At the turn of the century, about 20 Mormon families lived in the Tuba City, Moenkopi Wash, Reservoir Wash and Moenave areas of northern Arizona. The families farmed and raised livestock and followed the church practice of tithing — giving one tenth of the increase in their income or goods each year to the Mormon Church.
Families paid their tithing in wheat, flour, eggs, cattle and similar goods, or in work dedicating each tenth day to service for the church community, building roads, irrigation ditches, schools and church buildings. The tithing house was used to store foodstuffs, which were given out to those in need.
Nearly all the items that were given to the church and stored at the house were handed right back out to the needy. In one town, the following items were donated to the tithing house in one week: 12 eggs, 13.5 pounds of meal, 6 pounds of beef, 4.25 pounds of butter and 34 pounds of flour. The following items were given out by the bishop: 12 eggs, 13 pounds of meal, 6 pounds of beef, 3.25 pounds of butter and 34 pounds of flour.
In 1900, the federal government forced the settlers out in order to expand the Navajo Reservation. Only a few of the white settlers had clear title to the land; they were allowed to stay.
Charles H. Algert, a young Pennsylvanian, who had been a trader at Canyon Diablo before opening a post in Tuba City, kept his trading post. Sam Preston, then training as a trader with Algert, also stayed. Two missionaries from the Gospel Union of Kansas City, Miss., who lived half way between Tuba City and Moenkopi at a woolen mill, were also allowed to stay.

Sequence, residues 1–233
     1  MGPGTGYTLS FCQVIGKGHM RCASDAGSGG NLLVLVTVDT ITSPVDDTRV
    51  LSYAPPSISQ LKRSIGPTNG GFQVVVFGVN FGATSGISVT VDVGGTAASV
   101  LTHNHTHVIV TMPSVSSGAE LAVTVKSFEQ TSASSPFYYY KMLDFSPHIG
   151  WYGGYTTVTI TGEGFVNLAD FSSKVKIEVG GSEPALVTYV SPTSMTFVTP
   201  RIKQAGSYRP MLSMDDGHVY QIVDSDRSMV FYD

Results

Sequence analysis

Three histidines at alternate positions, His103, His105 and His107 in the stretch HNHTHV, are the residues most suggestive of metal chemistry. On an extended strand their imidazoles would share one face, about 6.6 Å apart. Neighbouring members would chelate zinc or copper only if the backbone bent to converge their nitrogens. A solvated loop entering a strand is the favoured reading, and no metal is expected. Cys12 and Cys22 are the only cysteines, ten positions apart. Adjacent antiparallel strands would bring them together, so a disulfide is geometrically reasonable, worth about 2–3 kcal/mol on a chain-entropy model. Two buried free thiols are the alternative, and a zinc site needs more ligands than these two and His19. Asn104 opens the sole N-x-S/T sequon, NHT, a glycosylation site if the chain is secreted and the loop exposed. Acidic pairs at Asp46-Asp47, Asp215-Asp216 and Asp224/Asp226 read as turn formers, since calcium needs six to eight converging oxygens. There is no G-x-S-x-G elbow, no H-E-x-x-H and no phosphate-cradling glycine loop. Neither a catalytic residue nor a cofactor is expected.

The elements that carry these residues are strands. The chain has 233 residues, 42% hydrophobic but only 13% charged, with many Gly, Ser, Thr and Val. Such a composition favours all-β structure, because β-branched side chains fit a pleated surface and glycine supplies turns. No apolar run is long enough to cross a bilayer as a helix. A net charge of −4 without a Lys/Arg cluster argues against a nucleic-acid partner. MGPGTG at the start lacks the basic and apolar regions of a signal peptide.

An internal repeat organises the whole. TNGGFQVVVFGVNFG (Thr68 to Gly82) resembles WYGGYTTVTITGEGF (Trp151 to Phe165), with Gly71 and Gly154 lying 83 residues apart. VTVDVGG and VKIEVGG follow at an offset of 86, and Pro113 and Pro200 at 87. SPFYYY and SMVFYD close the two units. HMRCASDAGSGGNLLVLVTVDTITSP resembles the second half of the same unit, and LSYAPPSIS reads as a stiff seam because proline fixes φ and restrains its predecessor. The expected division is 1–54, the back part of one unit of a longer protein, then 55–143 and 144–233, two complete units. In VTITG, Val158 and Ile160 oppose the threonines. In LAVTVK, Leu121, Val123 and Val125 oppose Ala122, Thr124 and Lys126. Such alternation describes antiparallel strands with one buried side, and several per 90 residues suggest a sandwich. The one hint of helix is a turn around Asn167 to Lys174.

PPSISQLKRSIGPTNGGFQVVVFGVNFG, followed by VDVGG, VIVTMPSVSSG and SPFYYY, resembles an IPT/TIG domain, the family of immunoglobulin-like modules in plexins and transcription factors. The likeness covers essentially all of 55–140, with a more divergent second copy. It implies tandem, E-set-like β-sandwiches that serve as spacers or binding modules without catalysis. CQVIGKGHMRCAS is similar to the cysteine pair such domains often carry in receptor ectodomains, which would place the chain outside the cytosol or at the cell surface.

The remaining families had only squatters’ possessory rights to the land, and they were forced to move. They were paid for their improvements, which included fruit trees, shade trees, irrigation ditches, drainage ditches, water rights, homes, chicken coops, corrals, wells and grapevines. In all, the settlers were paid $45,000.
In 1905, Algert sold his land and trading post to the Babbitt family of Flagstaff. Preston, who by then was an experienced trader with the Navajos and Hopis, was retained as a partner and manager. He worked there for many years. Algert moved on to the Blue Canyon area and continued to work as a trader.
— Bonnie Greer. Photo courtesy of the Cline Library, Northern Arizona University.